On July 6, 2009, Plaintiff filed a brief in opposition to the Motion to Dismiss, stating: Plaintiff does not contest the point that the claims for relief stated in the complaint are governed by ERISA. However, the complaint requests remedies that are available under ERISA (at 29 U.S.C. §1132) and therefore states a claim under ERISA. Namely, the complaint seeks 'to recover benefits due to him under the terms of his plan, to enforce his rights under the terms of the plan, or to clarify his rights to future benefits under the terms of the plan ....' 29 U.S.C. § 1132 (1)(B). Accordingly, Defendants['] Motion to Dismiss must be denied in its entirety. (Doc. # 9 at 2). Plaintiff also requests leave of Court to amend the Complaint, "should this court find that amendments to Plaintiff's complaint are warranted." (Doc. # 9 at 6).

On July 13, 2009, Defendants filed a reply brief in support of the Motion to Dismiss, contending that Plaintiff's state law claims should be dismissed because "the causes of action in the complaint--for breach of contract, for 'bad faith' seeking general and punitive damages, and for declaratory relief--are not the same as the claims that are established by ERISA." (Doc. # 10 at 2).

On July 27, 2009, Plaintiff filed a brief in opposition to the Motion to Strike, contending that the Motion to Strike is premature because the Court has not ruled on the pending Motion to Dismiss, and "the issue [of whether Plaintiff is entitled to a jury trial] should remain open for the court to decide at the time the matter is scheduled for trial." (Doc. # 11 at 2).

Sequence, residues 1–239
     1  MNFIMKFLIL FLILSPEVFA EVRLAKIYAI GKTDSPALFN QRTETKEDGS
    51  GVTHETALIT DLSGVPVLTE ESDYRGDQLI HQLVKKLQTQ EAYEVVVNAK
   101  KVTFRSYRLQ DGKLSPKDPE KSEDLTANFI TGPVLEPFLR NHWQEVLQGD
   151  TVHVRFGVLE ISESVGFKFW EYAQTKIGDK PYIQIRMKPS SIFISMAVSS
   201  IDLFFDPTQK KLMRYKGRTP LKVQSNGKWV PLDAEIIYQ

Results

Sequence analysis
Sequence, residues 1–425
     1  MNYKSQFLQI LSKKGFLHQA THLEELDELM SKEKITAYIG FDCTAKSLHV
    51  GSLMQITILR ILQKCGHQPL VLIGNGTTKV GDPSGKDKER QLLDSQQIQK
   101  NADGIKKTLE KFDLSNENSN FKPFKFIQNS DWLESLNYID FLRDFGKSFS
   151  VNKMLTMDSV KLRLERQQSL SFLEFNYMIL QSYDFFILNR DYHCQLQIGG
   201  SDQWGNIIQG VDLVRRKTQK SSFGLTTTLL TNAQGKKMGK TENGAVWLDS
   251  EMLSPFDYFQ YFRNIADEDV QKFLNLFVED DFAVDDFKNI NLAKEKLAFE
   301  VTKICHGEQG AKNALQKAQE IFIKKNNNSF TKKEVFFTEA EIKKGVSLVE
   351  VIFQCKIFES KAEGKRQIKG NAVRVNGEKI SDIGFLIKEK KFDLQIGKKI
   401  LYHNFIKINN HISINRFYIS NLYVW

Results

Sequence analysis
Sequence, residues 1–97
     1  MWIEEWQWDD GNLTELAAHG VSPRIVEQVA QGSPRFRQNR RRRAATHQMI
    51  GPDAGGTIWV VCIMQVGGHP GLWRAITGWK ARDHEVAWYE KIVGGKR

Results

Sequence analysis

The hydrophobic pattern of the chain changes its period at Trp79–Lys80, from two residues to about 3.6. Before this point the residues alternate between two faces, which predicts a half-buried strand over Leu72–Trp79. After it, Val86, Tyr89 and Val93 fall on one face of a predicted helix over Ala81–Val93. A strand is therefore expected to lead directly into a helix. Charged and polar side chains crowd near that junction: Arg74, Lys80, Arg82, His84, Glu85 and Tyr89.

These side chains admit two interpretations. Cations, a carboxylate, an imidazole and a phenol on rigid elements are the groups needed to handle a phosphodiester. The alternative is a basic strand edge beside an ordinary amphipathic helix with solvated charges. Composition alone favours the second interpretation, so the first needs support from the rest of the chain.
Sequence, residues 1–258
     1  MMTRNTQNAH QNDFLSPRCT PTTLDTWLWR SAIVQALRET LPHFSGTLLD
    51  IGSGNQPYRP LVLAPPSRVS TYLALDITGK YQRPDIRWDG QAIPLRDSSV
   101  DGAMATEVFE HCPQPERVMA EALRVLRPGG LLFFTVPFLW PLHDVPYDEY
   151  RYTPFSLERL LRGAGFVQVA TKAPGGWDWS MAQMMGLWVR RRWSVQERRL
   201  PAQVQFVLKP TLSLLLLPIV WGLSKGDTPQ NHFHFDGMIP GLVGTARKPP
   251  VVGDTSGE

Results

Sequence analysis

II. Discussion

A. Motion to Dismiss

Federal Rule of Civil Procedure 12(b)(6) permits dismissal for "failure to state a claim upon which relief can be granted." Fed. R. Civ. P. 12(b)(6). In ruling on a Rule 12(b)(6) motion to dismiss, the court reads the complaint in the light most favorable to the non-moving party. See Odom v. Microsoft Corp., 486 F.3d 541, 547 (9th Cir. 2007). "Allegations in the complaint, together with reasonable inferences therefrom, are assumed to be true for purposes of the motion." Id. "While a complaint attacked by a Rule 12(b)(6) motion to dismiss does not need detailed factual allegations, a plaintiff's obligation to provide the grounds of his entitlement to relief requires more than labels and conclusions, and a formulaic recitation of the elements of a cause of action will not do." Bell Atlantic v. Twombly, 550 U.S. 544, 555 (2007). Dismissal without leave to amend is appropriate only when the Court is satisfied that the deficiencies of the complaint could not possibly be cured by amendment. See Chang v. Chen, 80 F.3d 1293, 1296 (9th Cir. 1996).

As Plaintiff concedes, the plan at issue is governed by ERISA.*fn1 Compare 29 U.S.C. § 1002(3) (defining an "employee welfare benefit plan"), and Winterrowd v. Am. Gen. Annuity Ins. Co., 321 F.3d 933, 939-40 (9th Cir. 2003) ("[A]n ERISA plan must invoke an ongoing administrative program, and must enable reasonable persons to ascertain the intended benefits, beneficiaries, source of financing, and procedures for receiving benefits."), with McClure Decl., Ex. A, Doc. # 2-3, at 2-19 (stating that the plan is self-funded by the employer and setting forth the benefits, beneficiaries, and procedures for receiving benefits), and id. at 2 ...